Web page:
The head of the European Central Bank said Greece's compliance with the terms of its bailout agreement must be "flawless" for the euro130 billion ($173 billion) program to succeed.
"The ball is now in Greece's court," Draghi was quoted as saying in an advance text of an interview with the Frankfurter Allgemeine Zeitung to be published Friday. "The key to controlling risks lies with the implementation of the program, which has to be flawless."
Draghi said it was crucial for any new Greek government that may be formed out of elections set for April to back the reforms.
"It is essential that the new government supports the program, just as the old one has," Draghi said. "Since everything depends on the implementation of the program, monitoring is very important. And that is being taken care of."
Heavily indebted Greece has agreed to reduce wages, cut spending and make its economy more business friendly in return for a second, euro130 billion bailout from other eurozone countries and the International Monetary Fund. The new bailout comes on top of a euro110 billion deal that has supported the country since 2010.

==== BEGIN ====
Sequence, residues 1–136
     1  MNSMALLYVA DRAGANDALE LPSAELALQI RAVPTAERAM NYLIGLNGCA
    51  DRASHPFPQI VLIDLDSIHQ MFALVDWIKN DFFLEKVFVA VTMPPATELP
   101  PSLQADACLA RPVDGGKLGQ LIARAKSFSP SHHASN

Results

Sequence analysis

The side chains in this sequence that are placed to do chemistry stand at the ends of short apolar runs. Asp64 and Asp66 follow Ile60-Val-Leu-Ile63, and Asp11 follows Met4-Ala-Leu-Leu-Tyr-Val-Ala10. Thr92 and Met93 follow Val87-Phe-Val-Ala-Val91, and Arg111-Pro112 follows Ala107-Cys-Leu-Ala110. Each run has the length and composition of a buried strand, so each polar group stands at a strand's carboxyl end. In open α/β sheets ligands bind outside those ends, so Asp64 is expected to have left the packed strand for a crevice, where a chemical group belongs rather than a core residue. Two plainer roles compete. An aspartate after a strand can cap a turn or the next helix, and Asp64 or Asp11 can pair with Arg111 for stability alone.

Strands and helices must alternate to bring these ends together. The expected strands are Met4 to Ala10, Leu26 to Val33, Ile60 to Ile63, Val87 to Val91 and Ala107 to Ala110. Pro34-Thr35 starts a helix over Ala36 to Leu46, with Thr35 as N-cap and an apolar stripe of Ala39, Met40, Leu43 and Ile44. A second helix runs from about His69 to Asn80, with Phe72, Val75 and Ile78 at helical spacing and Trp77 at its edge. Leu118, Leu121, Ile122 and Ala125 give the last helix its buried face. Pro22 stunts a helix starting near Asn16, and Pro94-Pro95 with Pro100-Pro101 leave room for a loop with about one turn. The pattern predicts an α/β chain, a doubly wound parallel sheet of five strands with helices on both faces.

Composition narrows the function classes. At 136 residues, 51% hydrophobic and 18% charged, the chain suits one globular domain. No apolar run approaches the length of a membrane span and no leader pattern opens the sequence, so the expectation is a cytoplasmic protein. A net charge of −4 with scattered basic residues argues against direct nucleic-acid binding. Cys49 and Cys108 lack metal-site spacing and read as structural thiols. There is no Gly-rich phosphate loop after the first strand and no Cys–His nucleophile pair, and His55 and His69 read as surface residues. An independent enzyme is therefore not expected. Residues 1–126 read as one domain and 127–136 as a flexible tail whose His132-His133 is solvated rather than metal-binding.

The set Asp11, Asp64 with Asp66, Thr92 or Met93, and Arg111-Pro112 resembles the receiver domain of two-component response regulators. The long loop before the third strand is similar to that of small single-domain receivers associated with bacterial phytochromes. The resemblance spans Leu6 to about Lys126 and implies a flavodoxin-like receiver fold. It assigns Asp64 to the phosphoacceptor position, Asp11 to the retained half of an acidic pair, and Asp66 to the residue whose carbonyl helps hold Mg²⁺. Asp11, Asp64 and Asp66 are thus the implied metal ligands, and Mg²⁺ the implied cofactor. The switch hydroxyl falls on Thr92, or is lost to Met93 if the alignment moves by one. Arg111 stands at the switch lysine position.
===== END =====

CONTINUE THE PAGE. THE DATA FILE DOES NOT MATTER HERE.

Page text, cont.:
Greece also negotiated a debt reduction with its bondholders that should cut its debt load by euro107 billion.
The latest bailout will fund Greece through 2014 and lower its debt to a still-high 120 percent of economic output, down from 160 percent now. But Greece is in a deep recession that has raised doubts about whether the economy will return to growth soon enough for the country to shoulder even its reduced debt load without defaulting.
The harsh cutbacks and intrusive on-site monitoring by EU and IMF officials have rankled many in Greece, which is in a deep recession. More than two years of harsh austerity implemented to secure the rescue funds have left the economy in freefall, with businesses closing in the tens of thousands and unemployment at a record high 21 percent in November.